‘The nation demands occupation’: Minister shares post calling for conquest of Sinai

Amichai Eliyahu retweets call to buy shirts printed with a map of an expanded Israel — including the West Bank, Gaza and Egypt’s Sinai — emblazoned with the slogan ‘Occupation Now’

Sam Sokol is the Times of Israel's political correspondent. He was previously a reporter for the Jerusalem Post, Jewish Telegraphic Agency and Haaretz. He is the author of "Putin’s Hybrid War and the Jews"

Heritage Minister Amichai Eliyahu speaks during the funeral of terror victim Matan Elmaliach at the Maale Adumim cemetery, February 22, 2024. (Chaim Goldberg/Flash90)
Heritage Minister Amichai Eliyahu speaks during the funeral of terror victim Matan Elmaliach at the Maale Adumim cemetery, February 22, 2024. (Chaim Goldberg/Flash90)

Far-right Heritage Minister Amichai Eliyahu on Wednesday retweeted a social media post promoting the sale of merchandise calling for the occupation of the Sinai Peninsula, more than four decades after Israel returned the territory to Egypt as part of the two countries’ landmark 1979 peace treaty.

The tweet, by user Ayelet Lash, called on the public to purchase a shirt printed with what is supposed to be a map of Israel — including the West Bank, Gaza and Sinai — emblazoned with the slogan “Occupation Now.”

It also contained a link to a website selling “Occupation Now” merchandise and advocating for the expansion of Israeli sovereignty into Sinai, southern Lebanon and, eventually, Jordan.

The original post, which was promoted by Eliyahu, declared: “The people demand an occupation! Occupation now!”

Neither the minister’s spokesman, nor one representing National Security Minister Itamar Ben Gvir, responded to requests for comment. Ben Gvir is the leader of Eliyahu’s far-right Otzma Yehudit party.

Prime Minister Benjamin Netanyahu’s office declined to comment when asked for its view on the minister’s post.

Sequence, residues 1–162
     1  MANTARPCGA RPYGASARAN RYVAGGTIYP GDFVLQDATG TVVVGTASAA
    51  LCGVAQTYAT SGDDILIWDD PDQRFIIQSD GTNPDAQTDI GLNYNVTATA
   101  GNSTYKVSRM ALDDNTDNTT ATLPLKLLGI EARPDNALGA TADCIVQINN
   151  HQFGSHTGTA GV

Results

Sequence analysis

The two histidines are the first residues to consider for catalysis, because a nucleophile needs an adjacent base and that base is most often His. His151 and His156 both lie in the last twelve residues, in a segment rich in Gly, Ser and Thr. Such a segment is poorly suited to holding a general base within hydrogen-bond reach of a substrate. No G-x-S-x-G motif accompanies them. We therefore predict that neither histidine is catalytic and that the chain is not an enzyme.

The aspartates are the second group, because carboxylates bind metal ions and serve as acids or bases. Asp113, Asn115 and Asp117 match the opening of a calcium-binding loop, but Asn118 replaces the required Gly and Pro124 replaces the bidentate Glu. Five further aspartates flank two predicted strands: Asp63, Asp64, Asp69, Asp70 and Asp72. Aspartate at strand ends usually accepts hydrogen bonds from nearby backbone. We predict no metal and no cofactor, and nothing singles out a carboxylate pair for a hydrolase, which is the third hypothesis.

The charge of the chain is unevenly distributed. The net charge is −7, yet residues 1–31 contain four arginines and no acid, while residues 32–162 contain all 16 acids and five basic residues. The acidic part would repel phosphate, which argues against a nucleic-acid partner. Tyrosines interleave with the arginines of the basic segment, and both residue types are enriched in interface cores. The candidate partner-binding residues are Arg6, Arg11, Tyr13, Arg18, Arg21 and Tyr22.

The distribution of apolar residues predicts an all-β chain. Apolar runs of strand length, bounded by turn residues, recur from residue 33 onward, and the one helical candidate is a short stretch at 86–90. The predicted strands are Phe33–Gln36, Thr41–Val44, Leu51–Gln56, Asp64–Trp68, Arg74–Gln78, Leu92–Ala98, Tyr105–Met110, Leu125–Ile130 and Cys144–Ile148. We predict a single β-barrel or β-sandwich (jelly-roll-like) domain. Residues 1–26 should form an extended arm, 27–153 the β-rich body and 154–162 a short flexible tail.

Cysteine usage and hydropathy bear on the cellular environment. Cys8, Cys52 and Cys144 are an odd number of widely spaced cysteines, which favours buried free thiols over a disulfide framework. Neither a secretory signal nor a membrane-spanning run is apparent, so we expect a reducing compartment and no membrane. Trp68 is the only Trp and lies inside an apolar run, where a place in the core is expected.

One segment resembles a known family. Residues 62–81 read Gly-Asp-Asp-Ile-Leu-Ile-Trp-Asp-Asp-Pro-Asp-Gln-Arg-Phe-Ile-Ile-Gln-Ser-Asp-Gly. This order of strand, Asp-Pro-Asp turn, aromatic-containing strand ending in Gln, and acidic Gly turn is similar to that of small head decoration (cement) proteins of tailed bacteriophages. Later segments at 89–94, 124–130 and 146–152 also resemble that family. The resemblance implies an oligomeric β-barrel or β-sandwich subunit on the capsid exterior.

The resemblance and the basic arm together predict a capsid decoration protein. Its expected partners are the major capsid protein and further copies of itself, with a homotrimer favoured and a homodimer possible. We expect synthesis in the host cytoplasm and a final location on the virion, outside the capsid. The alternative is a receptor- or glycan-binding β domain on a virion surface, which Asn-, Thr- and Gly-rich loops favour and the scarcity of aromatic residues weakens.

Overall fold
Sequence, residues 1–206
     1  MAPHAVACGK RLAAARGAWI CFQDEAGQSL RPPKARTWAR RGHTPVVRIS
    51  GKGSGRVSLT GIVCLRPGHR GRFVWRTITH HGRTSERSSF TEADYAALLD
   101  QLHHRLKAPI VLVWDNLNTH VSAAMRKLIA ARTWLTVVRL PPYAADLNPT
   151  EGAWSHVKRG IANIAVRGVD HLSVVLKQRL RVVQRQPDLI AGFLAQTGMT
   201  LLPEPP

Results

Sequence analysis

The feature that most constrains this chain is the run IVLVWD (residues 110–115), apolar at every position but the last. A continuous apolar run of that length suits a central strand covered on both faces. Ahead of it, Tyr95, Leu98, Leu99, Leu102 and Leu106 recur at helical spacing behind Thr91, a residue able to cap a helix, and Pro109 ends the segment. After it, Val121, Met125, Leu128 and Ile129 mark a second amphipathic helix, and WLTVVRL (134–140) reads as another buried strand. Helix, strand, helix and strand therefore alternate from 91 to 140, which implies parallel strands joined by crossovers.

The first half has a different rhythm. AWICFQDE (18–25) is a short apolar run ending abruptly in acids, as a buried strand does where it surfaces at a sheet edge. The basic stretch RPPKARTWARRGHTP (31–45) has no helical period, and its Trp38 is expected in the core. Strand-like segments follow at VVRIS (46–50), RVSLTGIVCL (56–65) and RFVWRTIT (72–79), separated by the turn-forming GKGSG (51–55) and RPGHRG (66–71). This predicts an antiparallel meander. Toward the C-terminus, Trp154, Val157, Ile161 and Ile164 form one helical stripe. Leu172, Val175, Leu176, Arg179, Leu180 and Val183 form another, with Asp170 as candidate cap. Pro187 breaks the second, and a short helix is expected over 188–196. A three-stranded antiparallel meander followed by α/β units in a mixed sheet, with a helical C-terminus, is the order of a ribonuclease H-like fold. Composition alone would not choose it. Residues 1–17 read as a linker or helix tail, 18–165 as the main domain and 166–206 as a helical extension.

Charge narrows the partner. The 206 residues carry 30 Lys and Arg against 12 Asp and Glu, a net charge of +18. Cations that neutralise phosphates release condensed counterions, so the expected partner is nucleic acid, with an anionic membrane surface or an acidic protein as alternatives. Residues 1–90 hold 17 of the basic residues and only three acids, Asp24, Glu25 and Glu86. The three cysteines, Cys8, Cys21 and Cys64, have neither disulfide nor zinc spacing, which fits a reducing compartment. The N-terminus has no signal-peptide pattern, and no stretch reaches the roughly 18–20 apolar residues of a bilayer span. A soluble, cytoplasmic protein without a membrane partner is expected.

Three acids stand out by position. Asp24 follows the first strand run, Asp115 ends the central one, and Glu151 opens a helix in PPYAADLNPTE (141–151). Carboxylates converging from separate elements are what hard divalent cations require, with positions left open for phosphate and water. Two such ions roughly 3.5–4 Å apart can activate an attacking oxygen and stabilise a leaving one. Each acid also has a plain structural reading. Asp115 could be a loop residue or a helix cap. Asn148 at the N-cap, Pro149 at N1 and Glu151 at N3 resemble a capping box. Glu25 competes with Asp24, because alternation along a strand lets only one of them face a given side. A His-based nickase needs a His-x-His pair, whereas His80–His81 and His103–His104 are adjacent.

Egyptian Foreign Minister Sameh Shoukry said earlier this year that Cairo is committed to upholding its peace treaty with Israel despite concerns over the IDF’s military operations in southern Gaza, which borders Egypt as well as Israel.

Eliyahu has a history of contentious rhetoric, including accusing Israel’s security chiefs of “rebelling” against the current coalition, calling anti-government protesters “evil,” and dubbing Bank of Israel governor Amir Yaron a “savage.”

Last November, he sparked international outrage by claiming that dropping a nuclear bomb on the Gaza Strip was an option, a statement called “detached from reality” by Netanyahu.

That statement was later cited by South Africa in a motion accusing Israel of genocide before the International Court of Justice, prompting Eliyahu to later brag that “even in The Hague they know my position.”

In an interview with The Times of Israel in February, Eliyahu — the son of Safed Chief Rabbi Shmuel Eliyahu and grandson of late Sephardic Chief Rabbi Mordechai Eliyahu — lashed out at the international community for objecting to “voluntary” Palestinian emigration from, and renewed Israeli settlement of, Gaza.

“Where there is settlement, there will be security,” he said. “You don’t speak to people from weakness. And it’s preferable to return to settlements than to war and killing.”

Calls for the reestablishment of settlements evacuated during Israel’s 2005 disengagement from Gaza have increased on the political right since October 7.

Settler in the Gaza Strip settlement of Netzarim argues with soldiers who have come to evacuate him from his home, accusing them of betraying Jewish values, during the disengagement from Gaza, August 22, 2005. (Flash90)

While Netanyahu has come out against the idea of Israel building settlements in Gaza after the war, 11 ministers and 15 coalition lawmakers, including Eliyahu, attended a mass conference in January advocating the rebuilding of Jewish Israeli settlements in the heart of the Gaza Strip.

More than half of Israelis oppose annexing the Gaza Strip and reestablishing settlements uprooted during the disengagement, according to a Hebrew University poll published in December.

Some Israelis have also begun advocating for the annexation and settlement of southern Lebanon in recent months, but this view remains confined to a small fringe.

Last week, the security cabinet approved legalizing five West Bank outposts and the advancement of plans for over 6,000 new settlement homes.

“Since the start of the war, the Israeli government has focused all its efforts on building, developing and investing in construction across the West Bank,” the left-wing Peace Now watchdog said earlier this week.

Most Popular
read more: